Daniel Webster used to polish off a glass of brandy with every dozen oysters he scarfed down at the raw bar of the Union Oyster House (41 Union St., 617/227-2750, 11 a.m.–9:30 p.m. Sun.–Thurs.; 11 a.m.–10 p.m. Fri.–Sat., www.unionoysterhouse.com , $22–34), the oldest operating restaurant in the United States. Entrées including baked scrod and filet mignon are a bit overpriced, but worth it for the Olde New England ambience.
In stark contrast to many of Charles Street’s stuffier addresses, Beacon Hill Bistro (25 Charles St., 617/723-7575, 7 a.m.–10 p.m. daily, www.beaconhillhotel.com/bistro , $24–29) is an easygoing (but still upscale, mind you) bistro serving French stalwarts like steak frites alongside creative constructions such as skate with spinach and sunchokes.
The owner of Ristorante Toscano (47 Charles St., 617/723-4090, 11:30 a.m.–10 p.m. Tues.–Fri.; 11:30 a.m.–11 p.m. Sat.–Sun., www.toscanoboston.com , $13–36), Vinicio Paoli, is Tuscan to his core—and so is his eatery. No daredevil renderings here: The kitchen keeps it real with simple dishes of carpaccio and penne arrabbiata.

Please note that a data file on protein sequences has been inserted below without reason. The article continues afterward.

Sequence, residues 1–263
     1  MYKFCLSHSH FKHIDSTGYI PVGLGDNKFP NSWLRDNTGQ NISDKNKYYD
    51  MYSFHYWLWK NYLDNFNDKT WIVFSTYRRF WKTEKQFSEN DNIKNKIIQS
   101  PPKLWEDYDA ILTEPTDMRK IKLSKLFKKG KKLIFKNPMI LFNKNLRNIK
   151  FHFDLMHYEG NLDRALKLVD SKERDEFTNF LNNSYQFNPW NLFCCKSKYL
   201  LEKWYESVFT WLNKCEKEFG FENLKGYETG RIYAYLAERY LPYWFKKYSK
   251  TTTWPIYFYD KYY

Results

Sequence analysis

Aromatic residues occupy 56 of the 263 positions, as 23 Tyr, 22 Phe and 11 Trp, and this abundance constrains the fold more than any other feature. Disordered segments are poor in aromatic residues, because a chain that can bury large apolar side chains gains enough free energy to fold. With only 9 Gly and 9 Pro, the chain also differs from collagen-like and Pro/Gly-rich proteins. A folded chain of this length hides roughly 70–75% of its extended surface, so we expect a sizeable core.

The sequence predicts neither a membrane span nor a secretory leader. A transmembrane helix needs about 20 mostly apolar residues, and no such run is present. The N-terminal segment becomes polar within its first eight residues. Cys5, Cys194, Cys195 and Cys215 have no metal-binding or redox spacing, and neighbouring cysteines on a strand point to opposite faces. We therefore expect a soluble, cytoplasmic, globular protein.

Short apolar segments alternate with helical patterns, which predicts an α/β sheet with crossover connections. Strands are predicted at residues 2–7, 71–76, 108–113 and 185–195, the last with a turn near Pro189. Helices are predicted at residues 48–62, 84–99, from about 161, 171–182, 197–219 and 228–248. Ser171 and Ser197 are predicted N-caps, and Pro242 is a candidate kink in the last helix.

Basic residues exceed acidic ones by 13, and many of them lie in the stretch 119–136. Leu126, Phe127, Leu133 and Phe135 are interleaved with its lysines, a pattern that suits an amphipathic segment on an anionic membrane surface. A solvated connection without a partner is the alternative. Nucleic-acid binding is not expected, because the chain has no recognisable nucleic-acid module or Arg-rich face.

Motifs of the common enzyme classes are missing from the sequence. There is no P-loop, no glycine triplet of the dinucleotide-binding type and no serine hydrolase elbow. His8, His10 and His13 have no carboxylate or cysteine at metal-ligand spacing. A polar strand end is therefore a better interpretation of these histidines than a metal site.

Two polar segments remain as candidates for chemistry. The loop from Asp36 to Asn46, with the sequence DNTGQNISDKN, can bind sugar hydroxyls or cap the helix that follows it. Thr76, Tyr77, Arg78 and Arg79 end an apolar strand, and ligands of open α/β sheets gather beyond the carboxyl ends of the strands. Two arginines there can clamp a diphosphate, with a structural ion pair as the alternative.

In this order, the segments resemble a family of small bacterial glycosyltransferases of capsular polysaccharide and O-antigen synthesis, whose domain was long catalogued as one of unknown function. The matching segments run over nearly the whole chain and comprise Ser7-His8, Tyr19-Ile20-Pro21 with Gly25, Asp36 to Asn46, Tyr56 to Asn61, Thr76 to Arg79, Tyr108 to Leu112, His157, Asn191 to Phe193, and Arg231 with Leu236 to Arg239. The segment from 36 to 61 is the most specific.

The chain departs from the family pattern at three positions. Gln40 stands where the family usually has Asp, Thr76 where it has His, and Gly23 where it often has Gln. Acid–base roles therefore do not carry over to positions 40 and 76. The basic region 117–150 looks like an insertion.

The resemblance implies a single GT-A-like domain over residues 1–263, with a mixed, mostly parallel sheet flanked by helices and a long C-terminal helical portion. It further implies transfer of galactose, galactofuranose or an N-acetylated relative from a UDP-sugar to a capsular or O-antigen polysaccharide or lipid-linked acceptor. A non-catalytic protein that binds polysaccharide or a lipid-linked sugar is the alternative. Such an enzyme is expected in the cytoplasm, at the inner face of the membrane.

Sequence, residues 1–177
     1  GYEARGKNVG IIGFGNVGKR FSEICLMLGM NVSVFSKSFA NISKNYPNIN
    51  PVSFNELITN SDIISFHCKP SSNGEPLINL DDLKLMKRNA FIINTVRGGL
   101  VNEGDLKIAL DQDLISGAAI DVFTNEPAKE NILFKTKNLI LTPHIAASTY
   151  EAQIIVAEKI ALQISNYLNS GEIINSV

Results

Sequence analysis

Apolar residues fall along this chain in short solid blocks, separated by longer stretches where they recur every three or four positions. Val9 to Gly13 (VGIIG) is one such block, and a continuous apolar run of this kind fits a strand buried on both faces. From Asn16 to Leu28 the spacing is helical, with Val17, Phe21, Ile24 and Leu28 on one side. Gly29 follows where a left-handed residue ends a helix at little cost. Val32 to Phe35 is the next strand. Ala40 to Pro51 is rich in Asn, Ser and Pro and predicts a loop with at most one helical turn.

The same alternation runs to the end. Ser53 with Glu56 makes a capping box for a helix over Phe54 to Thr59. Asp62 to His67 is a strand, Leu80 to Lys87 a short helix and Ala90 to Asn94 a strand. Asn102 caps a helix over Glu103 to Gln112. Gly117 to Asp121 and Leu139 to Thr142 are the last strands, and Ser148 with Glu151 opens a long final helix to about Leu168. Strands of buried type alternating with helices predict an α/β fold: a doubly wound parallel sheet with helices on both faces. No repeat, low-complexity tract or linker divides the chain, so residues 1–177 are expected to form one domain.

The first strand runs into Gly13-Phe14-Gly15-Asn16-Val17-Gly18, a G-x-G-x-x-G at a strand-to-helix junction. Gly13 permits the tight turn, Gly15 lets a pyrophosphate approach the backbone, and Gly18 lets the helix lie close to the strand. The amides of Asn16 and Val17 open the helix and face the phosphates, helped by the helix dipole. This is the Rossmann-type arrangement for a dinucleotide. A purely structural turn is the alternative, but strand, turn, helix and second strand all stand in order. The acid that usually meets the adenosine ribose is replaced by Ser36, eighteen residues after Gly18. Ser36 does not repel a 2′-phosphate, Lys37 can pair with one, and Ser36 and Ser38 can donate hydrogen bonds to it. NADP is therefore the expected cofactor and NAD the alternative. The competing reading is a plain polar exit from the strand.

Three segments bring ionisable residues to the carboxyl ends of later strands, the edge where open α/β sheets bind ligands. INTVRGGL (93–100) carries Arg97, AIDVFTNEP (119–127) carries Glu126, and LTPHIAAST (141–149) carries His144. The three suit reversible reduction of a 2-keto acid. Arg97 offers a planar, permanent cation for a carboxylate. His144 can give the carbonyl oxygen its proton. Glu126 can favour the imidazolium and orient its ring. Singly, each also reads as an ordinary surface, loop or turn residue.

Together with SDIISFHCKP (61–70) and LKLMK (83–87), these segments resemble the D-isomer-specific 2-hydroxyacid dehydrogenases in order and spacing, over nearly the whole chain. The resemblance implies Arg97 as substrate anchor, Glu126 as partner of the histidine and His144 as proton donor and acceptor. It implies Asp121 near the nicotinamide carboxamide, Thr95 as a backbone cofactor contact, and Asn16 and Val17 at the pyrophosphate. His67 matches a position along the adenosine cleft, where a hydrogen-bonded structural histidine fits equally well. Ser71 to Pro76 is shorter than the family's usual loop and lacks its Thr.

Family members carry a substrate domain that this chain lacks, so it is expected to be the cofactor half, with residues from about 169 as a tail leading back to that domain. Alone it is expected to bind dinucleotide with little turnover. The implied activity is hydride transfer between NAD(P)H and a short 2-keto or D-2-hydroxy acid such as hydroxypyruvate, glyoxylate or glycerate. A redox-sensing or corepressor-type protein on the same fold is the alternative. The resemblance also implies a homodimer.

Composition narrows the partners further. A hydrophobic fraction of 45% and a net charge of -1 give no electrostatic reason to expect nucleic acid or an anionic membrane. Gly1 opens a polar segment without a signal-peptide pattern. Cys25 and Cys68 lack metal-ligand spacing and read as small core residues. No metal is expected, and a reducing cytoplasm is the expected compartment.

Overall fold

Who knew that one of New England’s most Yankee neighborhoods was a prime place to experience the charms of Persian (that’s Iranian to you) cuisine? Grab a table at refined, pretty Lala Rokh (97 Mt. Vernon St., 617/720-5511, 12 p.m.–3 p.m. daily; 5:30 p.m.–10 p.m. daily, www.lalarokh.com , $14–19) to dig into a menu loaded with rose petal–scented dishes, kabobs, and fruit-laden sauces. And don’t miss the saffron ice cream.
One of the area’s most affordable lunches is found at Panificio (144 Charles St., 617/227-4340, 8 a.m.–10 p.m. daily., www.panificioboston.com , $7–23), where you can snag an overstuffed sandwich—on, as the name suggests, great bread—and salad for under $10. At night, the bakery turns more posh: Candles are lit, prices go up, and dishes get more elaborate—à la lobster penne and gnocchi marinara.